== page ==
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Day 160 Racking Crab Apple/Pear/Cripps/Ginger Gold Cider for Long Term and Pumpkin Ale

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I needed to free up a fermentation bucket, and the cider that I made from crab apples, pears, Pink Cripps and Ginger Gold apples looked pretty clear, so that’s the one I decided to deal with. I racked from the 5 gallon glass carboy into a bottling bucket. From there, I racked to four 1/2 gallon glass carboys, filled to leave as little head space as possible, and capped. These containers were moved to an out of the way dark corner for bulk conditioning/aging.

I wasn’t too aggressive in getting every last drop, since I knew I was nowhere near having enough to fill another container. As a result, I got a good hydrometer sample and a little drinking glass sample. After I took and SG reading, both samples went into the refrigerator for additional tasting later. The immediate taste at room temperature pleasantly seems to have eased up on the tannin astringency that I tasted last time I was able to try a sample. It still needs some time, but it’s pretty nice. It also packs a wallop! The OG for this batch was 1.097 and it is currently at 0.993, which I’m confident will be the FG. That puts the cider at 13.65% ABV! Whew!

I also racked my Scottish Samhain Pumpkin Ale to the big glass carboy for some final clearing and making sure it’s absolutely finished fermenting before I bottle it.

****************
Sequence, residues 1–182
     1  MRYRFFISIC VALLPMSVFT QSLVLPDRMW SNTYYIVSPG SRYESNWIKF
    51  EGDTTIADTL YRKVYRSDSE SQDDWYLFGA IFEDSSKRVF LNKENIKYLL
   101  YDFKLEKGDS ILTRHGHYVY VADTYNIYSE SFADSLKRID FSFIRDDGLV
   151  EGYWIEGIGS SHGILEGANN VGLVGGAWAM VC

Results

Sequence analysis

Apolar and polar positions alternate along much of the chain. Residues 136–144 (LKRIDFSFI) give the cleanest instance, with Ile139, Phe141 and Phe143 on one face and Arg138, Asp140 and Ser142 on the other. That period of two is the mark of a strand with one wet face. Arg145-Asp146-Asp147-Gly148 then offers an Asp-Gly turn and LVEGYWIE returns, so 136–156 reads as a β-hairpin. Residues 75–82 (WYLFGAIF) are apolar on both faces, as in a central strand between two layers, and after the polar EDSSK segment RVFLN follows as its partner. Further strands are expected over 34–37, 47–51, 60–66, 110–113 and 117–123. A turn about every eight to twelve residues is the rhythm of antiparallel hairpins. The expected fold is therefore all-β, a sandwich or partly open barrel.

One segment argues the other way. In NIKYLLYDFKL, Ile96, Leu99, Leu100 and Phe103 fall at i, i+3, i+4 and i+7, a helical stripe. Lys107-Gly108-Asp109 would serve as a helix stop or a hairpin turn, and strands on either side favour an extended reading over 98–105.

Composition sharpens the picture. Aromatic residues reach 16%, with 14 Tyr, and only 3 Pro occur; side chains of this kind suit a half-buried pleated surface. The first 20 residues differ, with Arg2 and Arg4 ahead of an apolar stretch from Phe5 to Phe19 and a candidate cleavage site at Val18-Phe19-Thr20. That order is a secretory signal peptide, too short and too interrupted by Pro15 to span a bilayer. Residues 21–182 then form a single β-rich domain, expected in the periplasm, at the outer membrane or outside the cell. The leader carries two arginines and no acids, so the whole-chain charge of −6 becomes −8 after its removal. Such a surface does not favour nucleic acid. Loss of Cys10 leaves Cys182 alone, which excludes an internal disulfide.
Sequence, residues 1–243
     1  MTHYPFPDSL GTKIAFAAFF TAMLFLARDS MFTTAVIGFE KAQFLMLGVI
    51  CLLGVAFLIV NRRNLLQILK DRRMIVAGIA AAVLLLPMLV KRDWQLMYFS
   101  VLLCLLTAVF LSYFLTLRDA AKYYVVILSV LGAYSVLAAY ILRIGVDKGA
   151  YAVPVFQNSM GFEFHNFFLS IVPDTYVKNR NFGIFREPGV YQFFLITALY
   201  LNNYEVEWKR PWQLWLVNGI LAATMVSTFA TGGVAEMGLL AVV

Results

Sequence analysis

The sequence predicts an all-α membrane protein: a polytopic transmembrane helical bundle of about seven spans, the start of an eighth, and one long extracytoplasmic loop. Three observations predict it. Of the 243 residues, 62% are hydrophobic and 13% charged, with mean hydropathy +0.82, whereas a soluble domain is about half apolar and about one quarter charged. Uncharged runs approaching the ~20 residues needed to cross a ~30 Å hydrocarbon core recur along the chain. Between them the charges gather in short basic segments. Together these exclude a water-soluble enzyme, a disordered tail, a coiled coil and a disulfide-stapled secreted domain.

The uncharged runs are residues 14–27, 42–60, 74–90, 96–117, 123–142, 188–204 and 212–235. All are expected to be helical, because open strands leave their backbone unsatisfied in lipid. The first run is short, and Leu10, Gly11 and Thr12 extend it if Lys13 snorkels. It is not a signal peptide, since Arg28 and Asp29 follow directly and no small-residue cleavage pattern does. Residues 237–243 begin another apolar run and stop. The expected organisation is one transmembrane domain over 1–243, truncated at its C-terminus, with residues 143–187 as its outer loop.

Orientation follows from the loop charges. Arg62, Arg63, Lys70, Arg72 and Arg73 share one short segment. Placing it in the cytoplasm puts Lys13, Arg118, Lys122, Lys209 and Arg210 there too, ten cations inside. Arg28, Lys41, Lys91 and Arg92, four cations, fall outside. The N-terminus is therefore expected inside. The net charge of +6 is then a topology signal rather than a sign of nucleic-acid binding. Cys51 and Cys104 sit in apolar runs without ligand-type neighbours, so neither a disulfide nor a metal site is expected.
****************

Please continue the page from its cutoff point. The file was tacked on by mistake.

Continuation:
Scottish Samhain Pumpkin Ale.

Scottish Samhain Pumpkin Ale.

I have still seen a bubble in the airlock up until recently and I don’t want to rush it. I really want to nail the carb on this beer. If I do, I think it’s going to be phenomenal! The body if full, the aroma is awesome, the spice is well blended and not overpowering. Love the color…it does, as my son suggested when he smelled it, remind me of a ginger snap cookie, but not as sweet.

Sample for checking SG with a hydrometer. (And for tasting!)

Sample for checking SG with a hydrometer. (And for tasting!)

The ABV is 7.74% and my volume is only 4 gallons. This may horrify some homebrewers, but I would rather sacrifice a tiny amount of alcohol by volume and have 5 gallons, instead of 4, so I added a gallon of bottled Culligan water. I’m having samples of the cider and the ale as I write this and I’m very happy…and have a nice little warm feeling. >grin<

Samples: Pumpkin left, cider right.